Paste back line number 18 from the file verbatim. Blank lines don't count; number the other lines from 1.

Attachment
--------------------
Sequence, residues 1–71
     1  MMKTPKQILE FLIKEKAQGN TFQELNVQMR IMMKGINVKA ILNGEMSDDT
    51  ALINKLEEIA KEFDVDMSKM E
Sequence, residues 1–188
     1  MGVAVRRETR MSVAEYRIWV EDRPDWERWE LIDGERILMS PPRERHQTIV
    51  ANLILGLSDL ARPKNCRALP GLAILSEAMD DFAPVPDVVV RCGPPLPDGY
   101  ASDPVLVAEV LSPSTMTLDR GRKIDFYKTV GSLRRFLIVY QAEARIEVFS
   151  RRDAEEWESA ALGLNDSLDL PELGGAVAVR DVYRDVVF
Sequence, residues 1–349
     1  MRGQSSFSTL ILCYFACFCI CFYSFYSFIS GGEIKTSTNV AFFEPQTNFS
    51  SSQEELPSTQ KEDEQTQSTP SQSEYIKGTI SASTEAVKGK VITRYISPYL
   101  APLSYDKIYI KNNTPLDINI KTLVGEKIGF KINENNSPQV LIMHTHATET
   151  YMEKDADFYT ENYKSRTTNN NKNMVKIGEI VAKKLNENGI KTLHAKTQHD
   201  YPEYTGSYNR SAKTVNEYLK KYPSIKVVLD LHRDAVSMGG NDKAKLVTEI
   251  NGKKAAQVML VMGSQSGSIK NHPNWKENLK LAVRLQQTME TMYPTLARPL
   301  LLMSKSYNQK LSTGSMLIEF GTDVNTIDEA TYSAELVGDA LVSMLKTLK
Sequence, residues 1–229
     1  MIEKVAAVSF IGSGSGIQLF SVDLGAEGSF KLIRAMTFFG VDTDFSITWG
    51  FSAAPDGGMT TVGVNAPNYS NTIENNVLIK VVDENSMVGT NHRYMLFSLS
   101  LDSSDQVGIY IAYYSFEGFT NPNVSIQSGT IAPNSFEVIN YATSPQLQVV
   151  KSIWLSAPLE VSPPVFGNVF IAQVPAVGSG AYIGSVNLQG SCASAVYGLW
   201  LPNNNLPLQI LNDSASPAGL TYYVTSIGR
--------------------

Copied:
     1  MIEKVAAVSF IGSGSGIQLF SVDLGAEGSF KLIRAMTFFG VDTDFSITWG